Nepalese travelers hit the roads yesterday while food and other essential supplies began flowing freely into cities after communist rebels lifted a crippling two-week countrywide highway blockade to protest the king's power grab.
The rebels said Saturday that their decision was aimed at easing the discomfort of the common people. However, they threatened to step up their military campaign against the army.
Fighting since 1996 to topple the monarchy and install communist rule, the insurgents blocked the country' highways using crude bombs, mines and boulders, disrupting basic supplies across the Himalayan kingdom and choking off major cities.
Yesterday, buses and cars that had been parked in garages for days ventured out onto the roads snaking through the mountainous country.
"We have had several telephone calls this morning from people who wanted to make reservations. Finally, it's business as usual," said Ram Shrestha, a ticket clerk at the local bus station in the capital, Kathmandu.
During the rebel blockade, vehicles piled up on the highways, waiting for security forces to clear explosives and escort civilian convoys to their destinations without being targeted by the insurgents. Prices of food and other essential items shot up across Nepal.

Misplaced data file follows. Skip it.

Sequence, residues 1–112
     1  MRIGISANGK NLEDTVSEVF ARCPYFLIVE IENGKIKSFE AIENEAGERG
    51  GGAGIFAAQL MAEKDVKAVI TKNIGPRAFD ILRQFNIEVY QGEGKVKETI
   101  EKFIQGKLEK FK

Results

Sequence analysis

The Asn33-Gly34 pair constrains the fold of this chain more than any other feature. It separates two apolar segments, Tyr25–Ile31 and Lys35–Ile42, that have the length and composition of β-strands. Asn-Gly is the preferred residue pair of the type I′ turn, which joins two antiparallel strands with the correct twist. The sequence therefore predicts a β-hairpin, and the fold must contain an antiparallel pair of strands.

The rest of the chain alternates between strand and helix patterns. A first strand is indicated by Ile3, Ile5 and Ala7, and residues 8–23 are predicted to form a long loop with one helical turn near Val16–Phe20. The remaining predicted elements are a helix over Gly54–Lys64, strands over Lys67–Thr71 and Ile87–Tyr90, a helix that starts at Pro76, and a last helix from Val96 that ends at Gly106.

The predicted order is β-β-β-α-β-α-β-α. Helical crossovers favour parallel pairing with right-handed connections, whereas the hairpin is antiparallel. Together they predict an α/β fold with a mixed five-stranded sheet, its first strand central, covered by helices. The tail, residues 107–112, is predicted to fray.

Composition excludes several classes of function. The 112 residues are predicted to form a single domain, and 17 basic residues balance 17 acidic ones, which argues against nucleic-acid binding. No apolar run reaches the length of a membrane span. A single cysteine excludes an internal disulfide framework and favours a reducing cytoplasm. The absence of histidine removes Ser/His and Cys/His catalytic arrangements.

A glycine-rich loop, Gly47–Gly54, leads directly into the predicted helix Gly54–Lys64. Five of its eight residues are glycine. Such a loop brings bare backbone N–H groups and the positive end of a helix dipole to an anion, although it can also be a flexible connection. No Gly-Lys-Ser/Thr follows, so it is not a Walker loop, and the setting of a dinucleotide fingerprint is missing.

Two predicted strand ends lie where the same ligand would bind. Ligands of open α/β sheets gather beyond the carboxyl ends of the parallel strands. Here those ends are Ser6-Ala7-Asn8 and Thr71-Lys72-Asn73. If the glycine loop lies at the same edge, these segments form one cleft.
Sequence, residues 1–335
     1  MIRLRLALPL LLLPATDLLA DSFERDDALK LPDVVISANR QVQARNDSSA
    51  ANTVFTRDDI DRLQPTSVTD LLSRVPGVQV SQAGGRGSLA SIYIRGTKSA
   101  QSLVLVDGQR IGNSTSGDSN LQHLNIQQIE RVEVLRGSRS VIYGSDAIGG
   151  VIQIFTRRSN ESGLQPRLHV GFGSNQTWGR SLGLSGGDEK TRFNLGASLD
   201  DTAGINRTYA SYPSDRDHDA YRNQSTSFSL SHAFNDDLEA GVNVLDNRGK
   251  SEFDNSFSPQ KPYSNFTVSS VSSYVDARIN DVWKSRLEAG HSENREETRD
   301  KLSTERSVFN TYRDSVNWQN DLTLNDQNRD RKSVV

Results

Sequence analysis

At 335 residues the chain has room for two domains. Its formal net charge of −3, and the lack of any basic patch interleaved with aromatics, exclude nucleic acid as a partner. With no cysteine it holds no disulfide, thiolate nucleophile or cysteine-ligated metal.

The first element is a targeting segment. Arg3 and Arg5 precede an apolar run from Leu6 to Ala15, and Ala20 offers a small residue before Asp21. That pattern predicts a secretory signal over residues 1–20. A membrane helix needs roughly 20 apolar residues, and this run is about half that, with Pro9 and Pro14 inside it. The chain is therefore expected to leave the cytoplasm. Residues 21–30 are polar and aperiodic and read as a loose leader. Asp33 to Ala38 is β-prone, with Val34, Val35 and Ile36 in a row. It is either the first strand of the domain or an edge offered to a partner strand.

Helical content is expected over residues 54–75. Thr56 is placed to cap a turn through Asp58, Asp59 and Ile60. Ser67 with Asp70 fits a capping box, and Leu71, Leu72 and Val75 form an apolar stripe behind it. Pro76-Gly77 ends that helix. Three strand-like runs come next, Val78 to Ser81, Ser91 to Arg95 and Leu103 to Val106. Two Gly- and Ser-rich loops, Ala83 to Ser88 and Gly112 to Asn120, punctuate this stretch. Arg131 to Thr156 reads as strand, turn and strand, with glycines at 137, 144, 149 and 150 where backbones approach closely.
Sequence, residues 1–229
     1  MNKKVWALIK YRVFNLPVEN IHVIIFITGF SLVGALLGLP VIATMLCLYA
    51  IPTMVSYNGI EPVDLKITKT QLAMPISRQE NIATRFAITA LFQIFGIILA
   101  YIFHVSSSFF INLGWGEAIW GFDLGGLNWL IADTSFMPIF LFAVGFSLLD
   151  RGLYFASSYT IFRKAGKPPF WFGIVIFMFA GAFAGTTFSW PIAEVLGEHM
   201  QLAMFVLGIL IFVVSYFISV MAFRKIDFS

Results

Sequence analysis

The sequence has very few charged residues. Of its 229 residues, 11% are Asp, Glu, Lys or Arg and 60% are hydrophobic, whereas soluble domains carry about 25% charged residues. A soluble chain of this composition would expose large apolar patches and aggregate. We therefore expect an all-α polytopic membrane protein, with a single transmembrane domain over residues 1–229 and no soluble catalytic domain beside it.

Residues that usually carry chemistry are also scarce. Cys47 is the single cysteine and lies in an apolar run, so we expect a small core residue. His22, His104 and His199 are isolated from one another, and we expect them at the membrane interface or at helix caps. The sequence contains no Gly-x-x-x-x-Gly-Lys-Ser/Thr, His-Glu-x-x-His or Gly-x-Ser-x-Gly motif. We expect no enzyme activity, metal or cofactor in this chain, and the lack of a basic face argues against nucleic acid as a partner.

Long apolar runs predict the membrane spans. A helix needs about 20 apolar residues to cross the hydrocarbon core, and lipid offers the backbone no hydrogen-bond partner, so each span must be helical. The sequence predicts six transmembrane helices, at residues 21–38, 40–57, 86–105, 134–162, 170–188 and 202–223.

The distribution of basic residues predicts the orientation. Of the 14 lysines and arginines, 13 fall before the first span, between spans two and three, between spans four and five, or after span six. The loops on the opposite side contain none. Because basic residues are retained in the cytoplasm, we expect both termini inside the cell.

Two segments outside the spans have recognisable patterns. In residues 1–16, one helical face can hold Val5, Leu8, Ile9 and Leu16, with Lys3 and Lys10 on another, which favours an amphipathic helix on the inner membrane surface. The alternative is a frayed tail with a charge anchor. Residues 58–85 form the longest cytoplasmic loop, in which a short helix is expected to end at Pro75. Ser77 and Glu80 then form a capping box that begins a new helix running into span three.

"We are lifting the indefinite blockade of transportation to show our deep responsibility toward the people," rebel chief Pushpa Kamal Dahal, also known as Prachanda, said in a statement late Saturday.
"We are going to start a new phase of movement increasing military resistance and mass movement of people," Dahal said without elaborating.
A Nepalese army spokesman declined comment.
The terror on the highways spiraled after indiscriminate firing by suspected rebels killed an Indian truck driver and wounded seven Nepalese last week.
Since then, airlines have been overwhelmed with bookings, even though only a tiny percentage of people in this impoverished country can afford air travel.
The insurgents said they were protesting King Gyanendra's decision on Feb. 1 to sack the government, impose emergency rule, and suspend civil liberties.
The monarch, who says he was forced to act because of the insurgency, has ignored repeated calls from the international community that he restore democracy.
Nepal's key allies, India and Britain, have suspended military aid and the US says it also is considering similar action. Several countries have withdrawn their ambassadors from Nepal and stopped aid.